Health Highlights: May 15, 2004

Lawmakers Impatient on Canadian Drug Imports Long Wait for Seniors With Medicare Card Questions Is Volunteering Bad for Your Health? Lobbying Effort Begins in U.S. for OTC Statins Poll: 63 Percent Affected by Alcohol or Drug Addiction Pfizer Settles Charges Over Epilepsy Drug

Here are some of the latest health and medical news developments, compiled by editors of HealthDay:

Lawmakers Impatient on Canadian Drug Imports

Democratic lawmakers are urging a panel looking into whether drugs should be imported from Canada to speed the process up.

The Associated Press reports that Democratic governors and members of Congress, spurred on by election-year politics, want the task force's report to be completed before the fall. The task force held its final public meeting on Friday.

The recommendations aren't due until after the elections, but Surgeon General Richard Carmona, the panel's chairman, said the report will be turned in sooner.

But Democrats who support importing cheaper drugs from Canada say that's not soon enough, according to the AP account. "We urge you to tell your panel to make any recommendations immediately so that we can proceed," six Democratic governors wrote in a letter to President Bush this week.

The Bush administration and the pharmaceutical industry, citing safety issues, oppose the imports. Sen. John Kerry, the likely Democratic presidential candidate, is in favor of them.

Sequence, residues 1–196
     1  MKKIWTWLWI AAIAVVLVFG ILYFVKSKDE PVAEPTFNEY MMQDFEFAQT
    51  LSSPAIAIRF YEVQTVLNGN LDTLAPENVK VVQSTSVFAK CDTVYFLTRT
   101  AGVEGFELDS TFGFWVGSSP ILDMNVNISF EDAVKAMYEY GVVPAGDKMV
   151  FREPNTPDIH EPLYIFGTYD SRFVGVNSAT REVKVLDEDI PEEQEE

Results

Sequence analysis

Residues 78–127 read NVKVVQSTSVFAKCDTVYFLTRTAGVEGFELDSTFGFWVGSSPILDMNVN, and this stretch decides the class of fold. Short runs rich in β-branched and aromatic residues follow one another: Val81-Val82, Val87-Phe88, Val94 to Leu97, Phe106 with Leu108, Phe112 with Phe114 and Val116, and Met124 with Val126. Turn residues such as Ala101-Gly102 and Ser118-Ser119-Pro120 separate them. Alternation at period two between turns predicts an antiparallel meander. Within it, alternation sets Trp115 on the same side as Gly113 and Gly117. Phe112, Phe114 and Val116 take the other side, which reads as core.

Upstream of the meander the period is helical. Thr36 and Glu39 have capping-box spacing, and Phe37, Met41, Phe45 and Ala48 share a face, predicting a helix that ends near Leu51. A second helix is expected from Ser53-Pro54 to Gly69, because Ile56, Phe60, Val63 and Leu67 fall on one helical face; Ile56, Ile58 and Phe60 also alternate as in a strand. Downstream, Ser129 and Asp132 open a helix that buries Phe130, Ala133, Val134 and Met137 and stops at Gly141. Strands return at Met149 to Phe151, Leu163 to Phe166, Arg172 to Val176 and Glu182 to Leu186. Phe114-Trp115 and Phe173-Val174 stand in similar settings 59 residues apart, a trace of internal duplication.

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Long Wait for Seniors With Medicare Card Questions

A help line the U.S. government established last week to guide seniors with questions on the Medicare discount card is overwhelmed already, the Boston Globe reports.

Medicare administrator Mark McClellan said his agency is aware of the problem, in which people have to wait on the telephone as long as an hour before their questions are answered.

McClellan said that 1,600 operators are standing by to respond to calls to the number, 1-800-MEDICARE, up from 400 less than a year ago. However, he said he would hire "as many [operators] as it takes" to meet the demand, the Globe reported. "We're going to get this in balance as soon as possible."

The Medicare discount cards, which are part of last year's Medicare prescription benefit overhaul, became available earlier this month and take effect in June. The full drug benefits won't be available until 2006.

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Is Volunteering Bad for Your Health?

An Australian study suggests that if you do volunteer work, you may be helping others at the expense of your own health.

Researchers from Flinders University in Adelaide, Australia, asked over 500 people about involvement in voluntary groups, the BBC reports. They found that most of those who did such work linked it with a negative effect on their health.

The team found that over half of the people surveyed had been involved with a voluntary organization in the last year. Almost one in four had been involved in groups associated with sports or leisure, and a significant number had volunteered for work related, community, or social action groups.

Those who responded often spoke about the negative side of volunteer work, such as witnessing difficult situations, according to the BBC account.

"Involvement may not be beneficial for individual health, and that for the individuals involved there is some evidence that this involvement may in fact be detrimental for their own health," the researchers write in the Journal of Epidemiology and Community Health.

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Lobbying Effort Begins in U.S. for OTC Statins

The push has begun to bring cholesterol-lowering drugs to the mass market in the United States.